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A recent trend that has made the issue of “mAh” and battery life more complicated is the advent of 5G. 5G modems and radio components require more power than previous 4G components, meaning your battery won’t last as long as it used to. And yet, different 5G modems and chipsets eat at different levels.

Mid-range chipsets with integrated 5G modems, like the Exynos 980 and Snapdragon 765G, will consume a little less power than high-end external modems on high-end smartphones. This is probably part of the reason why phones like LG Velvet and Google Pixel 5 are more likely not to use high-end chipsets that require a lot of Qualcomm power – the Snapdragon 865 chip. poorer, but in return you will have a higher battery life.

Equipping 5G hardware for smartphones will undoubtedly be the engine for manufacturers to integrate larger capacity batteries. However, whether or not it matters depends on whether you actually use 5G or 4G. If you use a device that supports 5G on 4G networks, the power consumption of the above components will not be high, and the battery life will be equivalent to the previous generations. Again, everything depends on other hardware. According to Redmi CEO Lu Weibing, switching from 4G to 5G will often result in smartphones consuming at least 20% more power. Therefore, you will need a battery that is 20% larger in order to achieve the same battery life as 4G phones.

Find dream battery life

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The key takeaway here is that developing a smartphone with all-day battery life isn’t simply about choosing the largest battery possible. Manufacturers must consider the cost, the space inside the machine, and the hardware they plan to equip the machine. The more features the device has, the more difficult it is to calculate. Most manufacturers try to strike a balance between hardware and battery capacity so that you can use it for a full day of normal use and sometimes you don’t need to have a big battery.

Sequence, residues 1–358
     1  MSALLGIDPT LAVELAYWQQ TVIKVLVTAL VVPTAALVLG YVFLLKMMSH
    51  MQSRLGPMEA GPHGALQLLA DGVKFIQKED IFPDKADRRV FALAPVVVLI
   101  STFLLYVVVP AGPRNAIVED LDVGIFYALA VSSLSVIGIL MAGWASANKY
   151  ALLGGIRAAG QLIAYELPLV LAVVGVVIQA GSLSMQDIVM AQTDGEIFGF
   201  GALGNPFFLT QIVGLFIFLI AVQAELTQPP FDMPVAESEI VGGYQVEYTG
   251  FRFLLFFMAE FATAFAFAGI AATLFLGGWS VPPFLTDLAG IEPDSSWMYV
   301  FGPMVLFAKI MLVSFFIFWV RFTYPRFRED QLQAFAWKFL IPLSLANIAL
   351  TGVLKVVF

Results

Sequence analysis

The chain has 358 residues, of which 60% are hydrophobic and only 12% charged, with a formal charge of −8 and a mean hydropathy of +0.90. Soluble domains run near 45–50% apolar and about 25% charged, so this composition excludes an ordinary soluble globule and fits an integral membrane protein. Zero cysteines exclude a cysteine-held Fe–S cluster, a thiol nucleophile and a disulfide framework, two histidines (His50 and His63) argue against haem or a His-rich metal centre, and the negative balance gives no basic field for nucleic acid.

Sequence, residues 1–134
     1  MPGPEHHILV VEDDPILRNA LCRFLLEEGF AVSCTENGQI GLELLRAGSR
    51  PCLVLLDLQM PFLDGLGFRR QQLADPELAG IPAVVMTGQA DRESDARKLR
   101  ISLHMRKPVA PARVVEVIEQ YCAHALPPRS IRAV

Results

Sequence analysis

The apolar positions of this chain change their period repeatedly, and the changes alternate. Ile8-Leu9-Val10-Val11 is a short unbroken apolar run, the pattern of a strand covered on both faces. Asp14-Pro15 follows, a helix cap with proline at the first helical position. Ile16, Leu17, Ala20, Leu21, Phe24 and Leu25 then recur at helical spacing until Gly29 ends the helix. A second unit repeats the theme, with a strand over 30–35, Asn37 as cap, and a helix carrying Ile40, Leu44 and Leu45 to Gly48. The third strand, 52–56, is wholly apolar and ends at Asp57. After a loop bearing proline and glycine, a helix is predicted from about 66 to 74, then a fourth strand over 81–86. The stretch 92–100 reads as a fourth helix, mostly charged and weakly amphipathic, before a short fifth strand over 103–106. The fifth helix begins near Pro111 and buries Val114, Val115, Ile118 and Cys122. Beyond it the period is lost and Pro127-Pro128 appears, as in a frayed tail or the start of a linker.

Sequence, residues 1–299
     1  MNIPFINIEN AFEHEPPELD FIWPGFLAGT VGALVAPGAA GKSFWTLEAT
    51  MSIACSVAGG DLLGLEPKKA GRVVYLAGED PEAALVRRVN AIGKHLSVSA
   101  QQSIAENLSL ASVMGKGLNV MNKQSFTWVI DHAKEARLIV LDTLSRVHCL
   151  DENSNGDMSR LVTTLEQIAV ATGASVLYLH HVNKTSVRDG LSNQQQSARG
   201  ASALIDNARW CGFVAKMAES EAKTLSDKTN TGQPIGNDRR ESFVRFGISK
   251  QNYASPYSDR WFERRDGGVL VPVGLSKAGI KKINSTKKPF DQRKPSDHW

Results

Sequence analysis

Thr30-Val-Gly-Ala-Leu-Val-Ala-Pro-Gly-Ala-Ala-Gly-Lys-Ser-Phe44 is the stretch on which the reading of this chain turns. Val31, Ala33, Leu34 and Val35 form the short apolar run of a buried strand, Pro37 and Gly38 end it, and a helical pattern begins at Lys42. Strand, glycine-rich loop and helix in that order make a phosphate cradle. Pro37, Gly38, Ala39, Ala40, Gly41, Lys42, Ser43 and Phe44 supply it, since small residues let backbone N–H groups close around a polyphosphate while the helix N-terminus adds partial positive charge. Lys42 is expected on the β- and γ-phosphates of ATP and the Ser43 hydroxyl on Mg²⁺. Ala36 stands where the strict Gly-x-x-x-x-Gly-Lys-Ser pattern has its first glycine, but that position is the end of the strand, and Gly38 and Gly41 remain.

The test at the beginning of the article doesn’t give a direct correlation between capacity and battery life, because it doesn’t exist. Large batteries obviously give the device more power, but the manufacturers’ hardware choices have the same impact on battery life as big as the battery itself.

Mid-range smartphones are equipped with technologies that consume less power, such as the Pixel 3a, which usually require only a small battery and can last all day. In the high-end segment, manufacturers use larger capacity batteries (and also bigger phone sizes) to ensure sufficient power for more modern technologies, such as 5G, frequency monitors. high fresh, or strong gaming performance.

Of course, how you use your phone is also a factor that affects battery life. Users who only surf Facebook will definitely have more battery left by the end of the day than gamers who plow hoes on their phones!

Reference: AndroidAuthority

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Source : Genk